WAVES OF JAPANESE FOREIGN POLICY: FROM CONSTRAINED
BILATERALISM AND POLITICAL MULTILATERALISM TO REINFORCED
BILATERALISM IN THE POST-COLD WAR ERA
Daniel Koichi Nagashima Jr.
A Thesis Presented to the
FACULTY OF THE GRADUATE SCHOOL
UNIVERSITY OF SOUTHERN CALIFORNIA
In Partial Fulfillment of the
Requirements for the Degree
MASTER OF ARTS
(EAST ASIAN AREA STUDIES)
Copyright 2007 Daniel Koichi Nagashima Jr.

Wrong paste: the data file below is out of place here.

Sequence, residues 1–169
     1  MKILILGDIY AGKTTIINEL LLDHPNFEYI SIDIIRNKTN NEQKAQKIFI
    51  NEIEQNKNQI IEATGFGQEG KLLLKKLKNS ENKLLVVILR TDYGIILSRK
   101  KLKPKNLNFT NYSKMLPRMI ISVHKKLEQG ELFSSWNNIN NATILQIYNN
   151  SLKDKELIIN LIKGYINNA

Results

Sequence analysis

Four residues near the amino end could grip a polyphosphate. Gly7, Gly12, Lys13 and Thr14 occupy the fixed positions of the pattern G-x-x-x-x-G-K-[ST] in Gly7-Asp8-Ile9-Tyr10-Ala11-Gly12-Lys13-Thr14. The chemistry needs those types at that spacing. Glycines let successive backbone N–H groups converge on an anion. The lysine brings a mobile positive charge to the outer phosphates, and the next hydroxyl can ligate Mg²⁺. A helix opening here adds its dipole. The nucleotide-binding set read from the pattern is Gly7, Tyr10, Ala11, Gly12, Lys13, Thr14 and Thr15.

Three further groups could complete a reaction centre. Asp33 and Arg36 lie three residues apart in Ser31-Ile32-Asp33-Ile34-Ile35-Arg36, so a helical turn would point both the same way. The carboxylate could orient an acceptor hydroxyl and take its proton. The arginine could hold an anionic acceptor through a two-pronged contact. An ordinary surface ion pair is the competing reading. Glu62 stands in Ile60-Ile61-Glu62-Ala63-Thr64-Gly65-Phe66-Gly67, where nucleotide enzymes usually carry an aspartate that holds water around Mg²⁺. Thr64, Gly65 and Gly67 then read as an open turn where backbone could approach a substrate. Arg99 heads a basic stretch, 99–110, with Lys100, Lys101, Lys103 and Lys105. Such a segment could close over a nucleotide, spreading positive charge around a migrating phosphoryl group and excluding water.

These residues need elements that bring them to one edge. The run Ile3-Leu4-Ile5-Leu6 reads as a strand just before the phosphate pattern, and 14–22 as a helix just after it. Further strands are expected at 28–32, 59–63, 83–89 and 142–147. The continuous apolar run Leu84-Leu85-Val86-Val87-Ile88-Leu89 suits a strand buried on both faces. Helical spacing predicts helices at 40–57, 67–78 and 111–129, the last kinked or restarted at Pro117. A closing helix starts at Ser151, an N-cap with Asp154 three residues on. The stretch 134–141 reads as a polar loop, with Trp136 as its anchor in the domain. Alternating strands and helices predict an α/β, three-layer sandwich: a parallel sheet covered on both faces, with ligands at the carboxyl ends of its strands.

The post-Cold War era forced Japan to reassess its foreign policy and play a more proactive role in global affairs. Japanese foreign policy has greatly evolved in the post-Cold War and this paper seeks to examine the waves of Japanese foreign policy by beginning with an analysis of postwar theories articulating Japan's reactive and minimalist state. Subsequently, this paper examines domestic factors supplementing external factors which triggered Japan's foreign policy evolution. Next, this paper outlines Japan's first wave of evolution based on Japan's "constrained bilateralism" with the United States and its efforts towards multilateral activism. This paper further explores the failures of multilateralism and analyzes Japan's second wave of "reinforced bilateralism" under the Koizumi administration which saw the emergence of Japan's independent, proactive, and comprehensiveforeign policy in the post-Cold War era. This paper concludes by analyzing the wavelet of Abe's "reverse course" and its implications to Japanese foreign policy.